WASHINGTON – Adrift and struggling to cope with an array of personal problems, James Hodgkinson was running out of money and told a family member that he wanted to return to Illinois. That was just two days before he opened fire on Republican lawmakers with a modified assault rifle and a handgun at an Alexandria, Va., baseball field.
A week after the stunning attack, which left House Majority Whip Steve Scalise critically wounded and four others injured, the FBI Wednesday offered a troubled portrait of the 66-year-old gunman with an "an anger management problem'' who abruptly left a strained marriage in Belleville, Ill., more than month ago to take up residence in a van on the outskirts of the nation's capital – along with his weapons.
Agents also announced some of the names on the shooter's list that he carried with him, one of which was U.S. Rep. Jeff Duncan of South Carolina. Duncan was the man who Hodgkinson passed and asked 'are those Republicans' minutes before opening fire at the ballfield.
While he was prone to rage against the politics of President Trump and was carrying the names of six lawmakers in his pocket at the time he was fatally wounded in an exchange of gunfire with police, federal investigators said they were still at a loss for what drew Hodgkinson to the quiet neighborhood of Del Ray and ultimately to launch the assault in which he fired 60 rounds.
"He was struggling in all kinds of different ways,'' FBI Assistant Director Tim Slater said.
Federal investigators concluded that there was no connection to terrorism and that all evidence indicated that Hodgkinson had acted alone.
Yet Slater acknowledged that there was much more they didn't know about the former owner of a home inspection business.
Slater said the list of lawmakers, which included Reps. Mo Brooks of Alabama, Jeff Duncan of South Carolina and Trent Franks of Arizona, provided no context or immediate indication that the lawmakers were targets. A sketch of several Washington-area streets also found on the dead gunman was "not deemed to be of investigative significance," Slater said.
A review of Hodgkinson's laptop, cellphone and camera, which yielded photographs of the U.S. Capitol, the Washington Monument, Dirksen Senate Office Building and the National Museum of African American History and Culture, appeared to reflect the timeline of a typical tourist – not a man plotting mass murder.
In mid to late April, Slater said, Hodgkinson visited the offices of Vermont Sen. Bernie Sanders. The gunman was an ardent supporter of the senator's campaign for the Democratic presidential nomination, but it was not immediately clear whether Hodgkinson had any direct contact with Sanders. A review of his electronic communications also showed contact with the offices of Democratic Illinois Sens. Richard Durbin and Tammy Duckworth. Yet those communications, along with his attendance at a local tax protest, have not yielded evidence of a motive.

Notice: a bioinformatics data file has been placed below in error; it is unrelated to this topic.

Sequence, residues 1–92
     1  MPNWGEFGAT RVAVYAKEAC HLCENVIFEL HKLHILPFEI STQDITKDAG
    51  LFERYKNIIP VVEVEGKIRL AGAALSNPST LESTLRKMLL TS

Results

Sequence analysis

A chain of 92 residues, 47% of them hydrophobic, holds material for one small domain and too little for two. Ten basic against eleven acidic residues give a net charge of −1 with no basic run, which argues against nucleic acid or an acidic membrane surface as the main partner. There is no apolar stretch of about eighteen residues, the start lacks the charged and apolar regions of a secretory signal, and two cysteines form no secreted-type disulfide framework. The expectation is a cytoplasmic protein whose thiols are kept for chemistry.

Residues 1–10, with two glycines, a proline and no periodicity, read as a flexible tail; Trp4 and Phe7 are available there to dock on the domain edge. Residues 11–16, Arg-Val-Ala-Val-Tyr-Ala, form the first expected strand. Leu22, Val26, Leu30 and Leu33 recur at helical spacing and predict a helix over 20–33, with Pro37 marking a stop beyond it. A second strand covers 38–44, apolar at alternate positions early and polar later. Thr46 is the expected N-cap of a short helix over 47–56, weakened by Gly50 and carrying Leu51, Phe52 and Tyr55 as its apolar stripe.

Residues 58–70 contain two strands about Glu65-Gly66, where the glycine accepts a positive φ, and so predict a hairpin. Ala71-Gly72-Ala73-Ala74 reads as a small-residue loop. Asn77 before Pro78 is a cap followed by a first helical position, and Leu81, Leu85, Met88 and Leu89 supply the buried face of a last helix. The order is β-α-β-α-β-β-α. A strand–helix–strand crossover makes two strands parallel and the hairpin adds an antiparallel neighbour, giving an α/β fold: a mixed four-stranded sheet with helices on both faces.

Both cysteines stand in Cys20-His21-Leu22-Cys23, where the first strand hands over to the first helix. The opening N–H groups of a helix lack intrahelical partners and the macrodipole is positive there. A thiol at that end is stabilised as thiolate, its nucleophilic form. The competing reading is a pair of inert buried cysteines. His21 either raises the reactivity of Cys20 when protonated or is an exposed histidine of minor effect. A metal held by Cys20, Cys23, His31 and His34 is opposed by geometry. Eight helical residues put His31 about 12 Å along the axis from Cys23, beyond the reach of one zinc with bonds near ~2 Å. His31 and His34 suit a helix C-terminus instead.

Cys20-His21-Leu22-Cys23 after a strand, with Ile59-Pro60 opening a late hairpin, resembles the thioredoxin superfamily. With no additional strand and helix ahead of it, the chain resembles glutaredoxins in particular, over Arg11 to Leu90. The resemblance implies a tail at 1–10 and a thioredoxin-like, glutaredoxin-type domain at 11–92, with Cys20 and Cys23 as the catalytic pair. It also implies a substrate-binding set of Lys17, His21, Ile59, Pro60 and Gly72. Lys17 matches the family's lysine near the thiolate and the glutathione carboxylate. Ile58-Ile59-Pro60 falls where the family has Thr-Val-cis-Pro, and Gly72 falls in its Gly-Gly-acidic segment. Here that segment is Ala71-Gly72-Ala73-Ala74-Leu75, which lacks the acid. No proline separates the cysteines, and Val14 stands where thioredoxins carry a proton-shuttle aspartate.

Perhaps the most suspicious of his pre-attack activities was the attention he paid to a local storage unit he had rented in Alexandria, where investigators recovered more than 200 rounds of ammunition and additional components for the 7.62-caliber SKS rifle he wielded during the assault.
The storage facility's visitor log, Slater said, showed that Hodgkinson had gone there 43 times between April and June. Most days, he would arrive between 6 and 7 a.m. Sometimes, he would visit twice a day, but never for more than an hour.
On the morning of the attack, he arrived at 6:23 a.m. and left just 12 minutes later.
Before the first shots were reported just after 7 a.m., Hodgkinson raised the ominous prospect of a politically-motivated attack when he encountered Rep. Ron DeSantis, R-Fla., and others in the baseball field parking lot.
"Is this the Republican or Democrat baseball team?'' Hodgkinson asked, according to the FBI's account. "When the witness responded that it was a Republican event, Hodgkinson reportedly remained at the baseball field.''
Still, Slater said that there is no evidence that the gunman had advance knowledge that the lawmakers would be practicing there or that he was specifically targeting any of those involved in the practice.
Shortly after that parking lot encounter, according to the FBI, Hodgkinson went to his van, retrieved his rifle and donned a holstered 9 mm handgun.
Witnesses then reported that the gunman, appearing unusually calm and deliberate for a shooter, opened fire in the direction of the unwitting lawmakers and staffers in the midst of their practice.
Slater said Hodgkinson fired at least 50 rounds from the rifle and 10 additional rounds from the handgun before two U.S. Capitol Police officers and Alexandria police returned fire.
At 7:14 a.m., Hodgkinson was reported down.